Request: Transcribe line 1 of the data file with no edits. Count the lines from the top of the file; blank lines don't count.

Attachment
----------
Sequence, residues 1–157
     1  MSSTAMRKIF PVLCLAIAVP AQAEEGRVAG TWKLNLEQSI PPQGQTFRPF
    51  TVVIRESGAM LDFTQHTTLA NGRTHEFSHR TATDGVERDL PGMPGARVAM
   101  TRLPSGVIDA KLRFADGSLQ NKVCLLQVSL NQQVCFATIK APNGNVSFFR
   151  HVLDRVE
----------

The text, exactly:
Sequence, residues 1–157